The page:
A compensating factor may be found in Table 4. Table 4 reports the years of coaching experience of the respondents. Fifty-four percent have under ten years of experience, 29% have between 10-20, and 17% have over 20. A certain degree of stability in the profession is suggested by the 46% of the respondents who have over ten years of experience. This percent, however, may be misleading. In this study only sponsors of the 195 largest NFL chapters were surveyed. This type of chapter may provide more stability than one of a smaller size.TABLE 4
Years of Coaching Experience of Respondents
Sponsors responding from the East and South have the least coaching experience. Sixty percent of the Eastern and 65% of the Southern replies show sponsors with less than 10 years of experience, percentages which are substantially above the other two areas.
The salary range of the respondents, reported in Table 5, shows considerable
variance between the regions, particularly between the South and the Farwest.
While 80% of the Southern respondents reported salaries below $6,000, 81%
of the farwestern respondents reported salaries above that figure--over
half of these over $8000. The national average falls between $6000 and
$7000. The Eastern report of 43% who receive salaries less than $4000 appears
unusual in comparison to the others. However, two-thirds of these respondents
indicated that they are church-affiliated teachers.
Annual Salary Range of Respondents
|Below $4000 %||$4000-$5000 %||$5000-6000 %||$6000-7000 %||$7000-8000 %||Over $8000 %|
The average number of hours per week spent in working with debate, shown
in Table 6, varied from zero, reported by one sponsor who said that he
sponsored NFL but had nothing else to do with the program, to over fifty
hours, reported by another sponsor who wrote that in addition to coaching,
he taught four classes daily. The most frequent reply here was in the "over
20 hours" category. Many respondents indicated that they received
some reduction in teaching load for this work. A nearly equal number indicated
that they did not.
Average Number of Hours Spent by Respondents per Week in Debate
|Area||0-5 %||5-10 %||10-15 %||15-20 %||Over 20 %|
An inverse correlation appears between the number of students in the program and the number of hours the respondent spends in debate work each week. That is, the more students, the less hours spent coaching. The incongruity is explained by the fact that most of the respondents who spent less than 10 hours weekly in the program also are either the head coach or one of several coaches so that the coaching load is shared with several instructors.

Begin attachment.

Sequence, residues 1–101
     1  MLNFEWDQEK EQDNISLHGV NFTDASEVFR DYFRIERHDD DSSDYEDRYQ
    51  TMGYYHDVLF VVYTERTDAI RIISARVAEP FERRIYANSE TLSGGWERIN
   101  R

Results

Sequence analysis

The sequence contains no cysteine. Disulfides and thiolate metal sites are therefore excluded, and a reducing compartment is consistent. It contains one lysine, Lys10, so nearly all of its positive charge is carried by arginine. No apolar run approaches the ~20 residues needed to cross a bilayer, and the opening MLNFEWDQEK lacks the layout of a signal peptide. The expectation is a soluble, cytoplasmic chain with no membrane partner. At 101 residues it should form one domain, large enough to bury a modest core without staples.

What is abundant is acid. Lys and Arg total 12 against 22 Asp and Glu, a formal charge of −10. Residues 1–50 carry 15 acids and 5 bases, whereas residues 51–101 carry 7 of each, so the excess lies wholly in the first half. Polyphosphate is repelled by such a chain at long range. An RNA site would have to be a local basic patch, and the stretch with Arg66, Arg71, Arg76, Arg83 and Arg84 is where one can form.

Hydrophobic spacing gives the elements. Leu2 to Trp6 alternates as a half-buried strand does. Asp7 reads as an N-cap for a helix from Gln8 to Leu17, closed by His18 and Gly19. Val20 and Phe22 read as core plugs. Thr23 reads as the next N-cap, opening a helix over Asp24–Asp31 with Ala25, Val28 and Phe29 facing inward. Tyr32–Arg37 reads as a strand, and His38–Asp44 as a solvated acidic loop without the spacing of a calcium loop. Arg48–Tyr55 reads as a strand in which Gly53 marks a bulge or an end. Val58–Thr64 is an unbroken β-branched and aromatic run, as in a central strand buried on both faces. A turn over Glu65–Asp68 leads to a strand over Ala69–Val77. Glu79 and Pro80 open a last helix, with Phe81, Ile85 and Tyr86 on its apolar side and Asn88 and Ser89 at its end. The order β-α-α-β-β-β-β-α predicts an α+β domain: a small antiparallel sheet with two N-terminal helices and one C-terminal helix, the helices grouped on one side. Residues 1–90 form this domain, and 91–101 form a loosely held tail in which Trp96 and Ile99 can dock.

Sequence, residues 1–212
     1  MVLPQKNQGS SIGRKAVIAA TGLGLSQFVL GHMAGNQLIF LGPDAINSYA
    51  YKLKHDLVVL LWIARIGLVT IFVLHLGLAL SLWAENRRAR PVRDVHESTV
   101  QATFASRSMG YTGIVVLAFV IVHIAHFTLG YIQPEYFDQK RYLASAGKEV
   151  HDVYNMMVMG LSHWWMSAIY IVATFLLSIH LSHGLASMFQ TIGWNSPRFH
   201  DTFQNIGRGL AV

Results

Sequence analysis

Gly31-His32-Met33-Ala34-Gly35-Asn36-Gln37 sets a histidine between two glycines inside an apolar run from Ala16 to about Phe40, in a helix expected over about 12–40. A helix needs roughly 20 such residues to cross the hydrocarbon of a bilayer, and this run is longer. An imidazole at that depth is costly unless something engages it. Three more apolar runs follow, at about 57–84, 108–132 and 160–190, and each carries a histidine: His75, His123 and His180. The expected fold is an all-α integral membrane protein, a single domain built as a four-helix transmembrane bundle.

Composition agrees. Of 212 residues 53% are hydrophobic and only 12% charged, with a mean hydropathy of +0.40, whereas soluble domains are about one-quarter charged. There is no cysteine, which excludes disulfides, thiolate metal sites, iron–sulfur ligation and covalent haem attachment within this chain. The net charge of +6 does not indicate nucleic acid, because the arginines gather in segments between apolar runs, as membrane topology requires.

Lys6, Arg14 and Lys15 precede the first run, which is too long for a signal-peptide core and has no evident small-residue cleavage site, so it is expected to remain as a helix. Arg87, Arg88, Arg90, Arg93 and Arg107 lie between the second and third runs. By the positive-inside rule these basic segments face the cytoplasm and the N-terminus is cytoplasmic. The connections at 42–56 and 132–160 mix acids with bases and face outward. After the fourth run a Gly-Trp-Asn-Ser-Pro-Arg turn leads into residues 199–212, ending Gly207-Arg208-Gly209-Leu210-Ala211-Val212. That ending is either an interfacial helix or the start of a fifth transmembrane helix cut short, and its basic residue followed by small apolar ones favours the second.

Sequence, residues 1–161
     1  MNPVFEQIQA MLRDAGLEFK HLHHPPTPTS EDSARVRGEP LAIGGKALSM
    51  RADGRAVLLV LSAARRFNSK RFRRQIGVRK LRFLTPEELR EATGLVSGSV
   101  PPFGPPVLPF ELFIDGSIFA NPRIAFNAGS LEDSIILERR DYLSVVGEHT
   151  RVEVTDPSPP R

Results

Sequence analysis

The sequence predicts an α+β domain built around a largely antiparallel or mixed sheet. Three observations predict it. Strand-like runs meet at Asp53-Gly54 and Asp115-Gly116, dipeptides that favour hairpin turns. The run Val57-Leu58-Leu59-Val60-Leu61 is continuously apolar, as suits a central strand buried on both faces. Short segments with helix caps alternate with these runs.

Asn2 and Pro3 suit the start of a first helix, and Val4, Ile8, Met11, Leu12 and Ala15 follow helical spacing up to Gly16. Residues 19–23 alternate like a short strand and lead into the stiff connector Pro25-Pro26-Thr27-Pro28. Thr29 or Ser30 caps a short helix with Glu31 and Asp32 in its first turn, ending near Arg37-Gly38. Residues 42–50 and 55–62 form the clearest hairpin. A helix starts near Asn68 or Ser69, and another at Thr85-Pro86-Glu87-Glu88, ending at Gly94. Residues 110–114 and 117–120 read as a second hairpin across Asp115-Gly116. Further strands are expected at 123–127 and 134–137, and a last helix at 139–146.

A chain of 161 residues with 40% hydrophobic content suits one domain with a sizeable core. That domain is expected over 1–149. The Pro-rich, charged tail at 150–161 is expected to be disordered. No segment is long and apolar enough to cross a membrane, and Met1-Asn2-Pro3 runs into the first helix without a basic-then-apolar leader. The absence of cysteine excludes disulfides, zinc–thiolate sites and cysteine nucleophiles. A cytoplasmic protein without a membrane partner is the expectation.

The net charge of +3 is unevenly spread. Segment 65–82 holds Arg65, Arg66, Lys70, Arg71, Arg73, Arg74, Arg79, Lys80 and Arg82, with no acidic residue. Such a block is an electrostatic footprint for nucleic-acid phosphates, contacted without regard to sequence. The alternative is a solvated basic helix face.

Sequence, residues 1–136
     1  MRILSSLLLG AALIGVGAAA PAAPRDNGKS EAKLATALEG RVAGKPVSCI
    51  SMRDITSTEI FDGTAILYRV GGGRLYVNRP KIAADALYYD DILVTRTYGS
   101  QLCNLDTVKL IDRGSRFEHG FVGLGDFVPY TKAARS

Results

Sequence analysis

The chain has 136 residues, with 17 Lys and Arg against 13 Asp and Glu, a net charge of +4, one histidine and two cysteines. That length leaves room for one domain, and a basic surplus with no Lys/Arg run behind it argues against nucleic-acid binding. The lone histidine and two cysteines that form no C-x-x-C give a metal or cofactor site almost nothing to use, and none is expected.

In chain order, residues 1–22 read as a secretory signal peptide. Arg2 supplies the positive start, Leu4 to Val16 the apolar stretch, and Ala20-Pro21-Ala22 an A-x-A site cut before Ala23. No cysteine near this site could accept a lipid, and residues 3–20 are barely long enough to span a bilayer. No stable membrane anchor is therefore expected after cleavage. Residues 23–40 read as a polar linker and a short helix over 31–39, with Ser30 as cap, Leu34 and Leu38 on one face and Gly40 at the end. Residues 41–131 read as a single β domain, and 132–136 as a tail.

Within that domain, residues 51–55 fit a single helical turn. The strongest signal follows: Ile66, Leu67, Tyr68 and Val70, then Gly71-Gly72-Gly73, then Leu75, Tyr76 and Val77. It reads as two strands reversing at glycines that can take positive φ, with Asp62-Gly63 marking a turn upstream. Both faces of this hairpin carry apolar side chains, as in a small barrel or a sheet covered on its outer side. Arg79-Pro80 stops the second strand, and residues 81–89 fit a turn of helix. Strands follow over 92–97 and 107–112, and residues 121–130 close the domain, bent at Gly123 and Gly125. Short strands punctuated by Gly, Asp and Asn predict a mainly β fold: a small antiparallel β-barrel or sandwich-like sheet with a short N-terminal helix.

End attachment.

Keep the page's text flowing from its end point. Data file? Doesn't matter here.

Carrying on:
The final table, Table 7, reports the area and national professional
speech affiliations of the respondents. The table shows that only 32% of
the respondents hold membership in a professional speech association in
their area and only 24% hold membership in either the Speech Association
of America or the American Forensic Association. A few of the respondents
belong to both SAA and AFA, but they represent only 6% of the sponsors
surveyed. In the south 75% of the sponsors do not belong to either a state
or regional professional speech organization and 90% are not members of
either SAA or AFA. These facts perhaps suggest weaknesses in the recruiting
activities or program interests of the area and national speech organizations.
These weaknesses should be a major concern of those groups if they are
seeking to be of service to high school speech instructors.
Area and National Professional Speech Affiliation of Respondents
|State or Regional Association %||American Forensic Association %||Speech Association of America %||
No National Affiliation %
The data obtained in this survey implies that several serious situations confront those concerned with the speech profession at the high school level. The sample for this analysis comes entirely from the NFL sponsors whose program includes 65 or more members and degrees. Consequently, it may include a higher percentage of better trained, better compensated, and more stable instructors than a larger sample would indicate for the NFL as a whole, or American high schools in general.
Nevertheless, this limited data suggests these serious situations: (1) a need to increase minimum salaries if sponsor of speech programs are to enjoy any acceptable kind of family living standard--particularly in the East and South; (2) a need to increase teaching load restrictions for those who coach; (3) a need to upgrade speech instruction by hiring as coaches college graduates who have speech degrees; and (4) a need to stimulate speech professionalism by encouraging high school instructors to belong to speech associations.